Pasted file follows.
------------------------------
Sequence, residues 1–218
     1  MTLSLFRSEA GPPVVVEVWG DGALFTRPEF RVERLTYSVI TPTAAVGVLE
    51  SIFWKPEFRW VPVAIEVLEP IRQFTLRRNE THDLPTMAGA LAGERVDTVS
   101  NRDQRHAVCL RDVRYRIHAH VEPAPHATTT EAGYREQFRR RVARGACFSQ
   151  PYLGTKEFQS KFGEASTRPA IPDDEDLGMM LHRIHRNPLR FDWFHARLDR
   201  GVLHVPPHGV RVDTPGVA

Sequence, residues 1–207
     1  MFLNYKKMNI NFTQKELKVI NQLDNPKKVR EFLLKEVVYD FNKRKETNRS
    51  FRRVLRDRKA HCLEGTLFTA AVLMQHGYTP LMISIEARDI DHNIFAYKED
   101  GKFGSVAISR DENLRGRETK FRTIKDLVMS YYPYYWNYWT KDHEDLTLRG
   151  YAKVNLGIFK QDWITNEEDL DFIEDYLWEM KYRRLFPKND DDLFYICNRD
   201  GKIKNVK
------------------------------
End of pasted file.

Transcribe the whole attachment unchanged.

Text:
Sequence, residues 1–218
     1  MTLSLFRSEA GPPVVVEVWG DGALFTRPEF RVERLTYSVI TPTAAVGVLE
    51  SIFWKPEFRW VPVAIEVLEP IRQFTLRRNE THDLPTMAGA LAGERVDTVS
   101  NRDQRHAVCL RDVRYRIHAH VEPAPHATTT EAGYREQFRR RVARGACFSQ
   151  PYLGTKEFQS KFGEASTRPA IPDDEDLGMM LHRIHRNPLR FDWFHARLDR
   201  GVLHVPPHGV RVDTPGVA

Sequence, residues 1–207
     1  MFLNYKKMNI NFTQKELKVI NQLDNPKKVR EFLLKEVVYD FNKRKETNRS
    51  FRRVLRDRKA HCLEGTLFTA AVLMQHGYTP LMISIEARDI DHNIFAYKED
   101  GKFGSVAISR DENLRGRETK FRTIKDLVMS YYPYYWNYWT KDHEDLTLRG
   151  YAKVNLGIFK QDWITNEEDL DFIEDYLWEM KYRRLFPKND DDLFYICNRD
   201  GKIKNVK